Chris Peterson wrote:
I think Ann believes a star representative of Christmas should be blue.
owlice wrote:I didn't understand why Ann wanted to discuss someone else's image of a completely different target on this thread. I was hoping for enlightenment. This thread should be about its topic -- today's APOD -- rather than someone else's topic. I remain confused.
Today's image is not only interesting, but very beautiful. A stellar portrait, indeed!
You got me, Chris!
Personally, I think blue is about the least "Christmasy" color there is!
Most people would agree, I'm sure.
Today's APOD is boldly colored, which gives the image a wonderfully festive quality that is just so appropriate for the season. I love it!
In reality, most of the stars in the image apart from Aldebaran are rather pale in color. The blue stars in it are bluer than the Sun but yellower than Sirius and Vega. The fact that the Hyades is about 800 million years old means that all the O- and B-class stars that once belonged to this cluster have burnt out and disappeared long ago. And O- and B-class stars are the ones that are usually thought of as blue.
There are in fact two intrinsically blue class B stars in today's APOD, however. Neither of them is a member of the Hyades, because they are simply too hot and blue and therefore too young for that. One is a small blue star about midway between the brightish blue star in the upper left corner and the orange star designated ε, or Epsilon Tauri. That small blue star is a modest star of spectral class B9, HU Tau or HD 29365. This star is blue not only because it belongs to spectral class B (if just barely), but also because it has a (small) negative color index, -0.019 ± 0.007. This makes it bluer than Sirius and Vega.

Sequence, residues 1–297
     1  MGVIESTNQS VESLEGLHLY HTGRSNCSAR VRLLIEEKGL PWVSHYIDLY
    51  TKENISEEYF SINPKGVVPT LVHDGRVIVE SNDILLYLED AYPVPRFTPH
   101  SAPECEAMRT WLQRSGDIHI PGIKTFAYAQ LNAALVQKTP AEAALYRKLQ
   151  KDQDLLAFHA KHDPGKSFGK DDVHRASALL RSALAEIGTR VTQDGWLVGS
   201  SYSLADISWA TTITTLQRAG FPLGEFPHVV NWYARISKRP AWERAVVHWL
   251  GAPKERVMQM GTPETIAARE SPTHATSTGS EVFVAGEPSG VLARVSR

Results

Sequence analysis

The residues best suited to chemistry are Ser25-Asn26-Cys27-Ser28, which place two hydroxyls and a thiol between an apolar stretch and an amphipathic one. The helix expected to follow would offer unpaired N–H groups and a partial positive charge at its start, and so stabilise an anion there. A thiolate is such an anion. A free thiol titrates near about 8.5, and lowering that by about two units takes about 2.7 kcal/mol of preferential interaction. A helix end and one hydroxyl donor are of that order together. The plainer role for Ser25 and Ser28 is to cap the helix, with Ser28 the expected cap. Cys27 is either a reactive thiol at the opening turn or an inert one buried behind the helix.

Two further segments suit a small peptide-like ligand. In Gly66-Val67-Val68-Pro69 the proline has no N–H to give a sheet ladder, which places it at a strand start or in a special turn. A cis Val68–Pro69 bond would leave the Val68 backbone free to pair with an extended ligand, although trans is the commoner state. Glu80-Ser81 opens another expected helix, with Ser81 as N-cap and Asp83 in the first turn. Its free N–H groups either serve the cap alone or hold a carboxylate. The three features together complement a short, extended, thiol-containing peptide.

The other blue star is the brightish star in the upper left corner. It's a star of spectral class B3, so it's both brighter and bluer than its small B9 "cousin". The B-V index of the brighter star is -0.112 ± 0.003. I love the designation of this star: it's called Tau Tau!
As for Tau Canis Majoris, however, it is so much brighter and bluer than either HU Tau or Tau Tau. While Tau Tau is about as bright as 250 stars like the Sun, Tau Canis Majoris may shine 13,000 times as bright in visual light
as the Sun, and then it pumps out incredible amounts of invisible ultraviolet light, too.
But as I said about today's APOD, it makes the Hyades look festive indeed. The cluster does resemble a Christmas tree decorated with colorful baubles and a brilliant orange "top star" that for some reason has fallen from the top!